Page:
Douglas Tallamy, a giant in the natural gardening world and author of Bringing Nature Home, shares his deep knowledge of the important roles native plants play in maintaining food webs for birds. Discover ways you can transform a garden into a haven for birds. A book signing follows.

Made possible by a generous donation from The Echo Charitable Foundation.
Co-sponsored by The Essex County Ornithological Club.

Free/reservations not required. Visit PEM.org for more information.

“These Walls Do Talk” Exhibit Opening at the Gables

Join us for the opening of our annual exhibit, These Walls Do Talk. The 2018 exhibit shares the science and history about how we know what we know about the 350-year-old Turner-Ingersoll Mansion including analysis of paint, wallpaper, and architecture and primary source documents such as deeds and drawings.

The exhibit opening is an open house event. Join us to raise a glass in celebration of the 350th anniversary of The House of the Seven Gables.

This event is free and open to the public. Click here to RSVP.

For more information email jarrison@7gables.org or call 978-744-0991 ext. 152.

Women’s History Day at the Gables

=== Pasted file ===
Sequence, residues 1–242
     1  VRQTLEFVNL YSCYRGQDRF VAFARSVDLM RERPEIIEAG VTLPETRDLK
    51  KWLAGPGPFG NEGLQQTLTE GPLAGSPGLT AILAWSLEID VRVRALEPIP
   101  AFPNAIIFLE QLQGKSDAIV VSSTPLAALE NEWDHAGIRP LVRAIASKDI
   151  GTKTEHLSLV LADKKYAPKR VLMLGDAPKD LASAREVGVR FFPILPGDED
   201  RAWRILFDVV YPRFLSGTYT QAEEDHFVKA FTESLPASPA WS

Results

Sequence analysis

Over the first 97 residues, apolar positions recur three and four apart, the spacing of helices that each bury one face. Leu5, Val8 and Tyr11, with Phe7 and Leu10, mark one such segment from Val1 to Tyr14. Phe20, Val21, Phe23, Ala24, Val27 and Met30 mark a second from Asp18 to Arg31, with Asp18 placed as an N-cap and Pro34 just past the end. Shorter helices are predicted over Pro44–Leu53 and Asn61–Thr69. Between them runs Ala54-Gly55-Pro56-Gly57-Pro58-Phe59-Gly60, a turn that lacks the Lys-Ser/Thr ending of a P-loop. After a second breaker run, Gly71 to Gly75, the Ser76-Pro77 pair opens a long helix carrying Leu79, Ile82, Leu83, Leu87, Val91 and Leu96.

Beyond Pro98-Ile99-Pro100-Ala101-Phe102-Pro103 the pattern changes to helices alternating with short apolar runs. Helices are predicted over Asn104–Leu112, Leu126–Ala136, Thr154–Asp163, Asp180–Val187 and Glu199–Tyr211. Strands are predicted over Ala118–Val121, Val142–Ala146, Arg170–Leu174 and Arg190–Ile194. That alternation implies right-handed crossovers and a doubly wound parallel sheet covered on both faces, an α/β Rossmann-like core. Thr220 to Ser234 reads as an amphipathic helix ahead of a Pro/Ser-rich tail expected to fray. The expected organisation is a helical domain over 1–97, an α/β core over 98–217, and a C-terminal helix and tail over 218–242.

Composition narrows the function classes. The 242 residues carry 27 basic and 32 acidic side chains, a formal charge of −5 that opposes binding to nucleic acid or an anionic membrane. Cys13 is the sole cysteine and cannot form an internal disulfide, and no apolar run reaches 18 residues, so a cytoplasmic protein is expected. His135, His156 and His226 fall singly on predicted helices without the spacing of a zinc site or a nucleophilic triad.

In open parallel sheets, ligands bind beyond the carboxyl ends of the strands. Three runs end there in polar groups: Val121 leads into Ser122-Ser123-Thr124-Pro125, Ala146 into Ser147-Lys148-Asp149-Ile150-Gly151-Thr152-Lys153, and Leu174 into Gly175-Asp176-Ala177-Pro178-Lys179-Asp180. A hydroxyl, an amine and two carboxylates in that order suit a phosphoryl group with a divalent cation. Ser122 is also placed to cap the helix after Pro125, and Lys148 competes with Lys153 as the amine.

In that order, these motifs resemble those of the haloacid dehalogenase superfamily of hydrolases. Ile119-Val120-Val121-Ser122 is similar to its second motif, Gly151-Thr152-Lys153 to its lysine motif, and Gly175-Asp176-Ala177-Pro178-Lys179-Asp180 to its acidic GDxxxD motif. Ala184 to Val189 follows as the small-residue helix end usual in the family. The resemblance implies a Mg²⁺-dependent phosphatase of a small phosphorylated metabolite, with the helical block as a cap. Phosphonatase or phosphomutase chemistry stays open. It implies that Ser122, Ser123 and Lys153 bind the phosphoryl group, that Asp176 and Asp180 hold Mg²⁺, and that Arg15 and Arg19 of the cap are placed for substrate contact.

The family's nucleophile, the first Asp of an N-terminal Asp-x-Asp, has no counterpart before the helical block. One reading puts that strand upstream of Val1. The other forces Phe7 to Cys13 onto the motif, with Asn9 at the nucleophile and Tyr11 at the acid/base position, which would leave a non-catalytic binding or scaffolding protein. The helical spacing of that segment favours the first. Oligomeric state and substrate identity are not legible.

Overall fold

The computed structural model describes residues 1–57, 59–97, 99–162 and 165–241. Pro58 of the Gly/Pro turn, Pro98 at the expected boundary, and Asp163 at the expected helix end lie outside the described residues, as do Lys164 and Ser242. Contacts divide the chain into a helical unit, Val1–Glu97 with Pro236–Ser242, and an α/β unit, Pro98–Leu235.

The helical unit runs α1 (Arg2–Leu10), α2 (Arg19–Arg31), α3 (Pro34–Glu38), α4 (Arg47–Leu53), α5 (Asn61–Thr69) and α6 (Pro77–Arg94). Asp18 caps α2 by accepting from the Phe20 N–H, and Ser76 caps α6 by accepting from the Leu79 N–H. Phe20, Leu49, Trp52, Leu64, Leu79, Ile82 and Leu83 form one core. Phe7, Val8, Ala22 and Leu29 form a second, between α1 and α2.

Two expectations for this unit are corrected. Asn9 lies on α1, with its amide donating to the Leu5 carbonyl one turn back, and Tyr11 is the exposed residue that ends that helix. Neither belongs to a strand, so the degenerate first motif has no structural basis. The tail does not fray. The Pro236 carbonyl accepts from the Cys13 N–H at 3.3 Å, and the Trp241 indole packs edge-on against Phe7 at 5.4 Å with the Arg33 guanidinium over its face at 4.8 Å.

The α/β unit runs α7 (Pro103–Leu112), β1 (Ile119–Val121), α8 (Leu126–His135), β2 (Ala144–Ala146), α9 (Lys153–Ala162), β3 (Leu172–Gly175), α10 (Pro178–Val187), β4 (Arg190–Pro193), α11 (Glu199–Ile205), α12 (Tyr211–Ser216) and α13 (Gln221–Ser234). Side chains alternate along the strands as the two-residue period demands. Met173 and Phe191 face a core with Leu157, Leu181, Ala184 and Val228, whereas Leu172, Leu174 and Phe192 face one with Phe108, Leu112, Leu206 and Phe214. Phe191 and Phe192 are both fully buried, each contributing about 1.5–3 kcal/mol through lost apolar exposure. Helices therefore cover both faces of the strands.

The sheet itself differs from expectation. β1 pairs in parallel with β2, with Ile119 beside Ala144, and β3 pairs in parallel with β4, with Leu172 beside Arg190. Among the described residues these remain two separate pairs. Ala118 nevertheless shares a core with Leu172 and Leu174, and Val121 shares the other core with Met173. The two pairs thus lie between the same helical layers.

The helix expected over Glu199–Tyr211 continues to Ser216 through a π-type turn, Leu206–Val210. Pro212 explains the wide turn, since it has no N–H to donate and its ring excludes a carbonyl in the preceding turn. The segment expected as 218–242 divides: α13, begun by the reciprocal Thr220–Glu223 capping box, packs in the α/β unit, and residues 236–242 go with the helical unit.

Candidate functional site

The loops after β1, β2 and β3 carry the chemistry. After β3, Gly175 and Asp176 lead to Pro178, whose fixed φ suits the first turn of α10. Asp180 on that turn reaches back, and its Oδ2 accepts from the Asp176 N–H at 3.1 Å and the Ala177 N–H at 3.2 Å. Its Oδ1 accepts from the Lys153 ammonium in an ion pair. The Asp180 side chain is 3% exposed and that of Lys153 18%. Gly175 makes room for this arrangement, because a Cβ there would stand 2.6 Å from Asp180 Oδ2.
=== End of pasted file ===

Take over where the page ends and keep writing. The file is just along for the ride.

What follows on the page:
The House of the Seven Gables will commemorate Salem Women’s History Day with a special women’s history tour and two lectures focusing on the role of women in preservation.

All events are free for members and Salem residents. Regular admission for the general public includes a tour and admission to both lectures. Space is limited for all events. Click here to register. For more information email jarrison@7Gables.org or call 978-744-0991 ext. 152.

12:00 – 12:45 p.m. Women’s history focused tour of The Gables

1:00 – 1:45 p.m. “My Patriotic Duty” – Women and the Preservation of Old South Meeting House Boston

When Boston’s iconic Old South Meeting House was threatened with imminent demolition in 1876, public outrage ensued. A group of Boston area women, led by philanthropist Mary        Hemenway, became the driving force behind the building’s successful preservation. The “20 women of Boston,” as this group came to be known, organized fundraisers to secure a mortgage and then ensure the building’s ongoing preservation and future security. Women involved with ongoing preservation efforts in the 1870s-1880s included author Louisa May Alcott, and even Mary Tyler of “Mary Had a Little Lamb” fame. Erica Lindamood, director of education at Old South Meeting House, will share highlights from this colorful historic preservation success story, and consider Hemenway’s claim that her advocacy for the building was her “patriotic duty” in light of 19th-century politics and social history.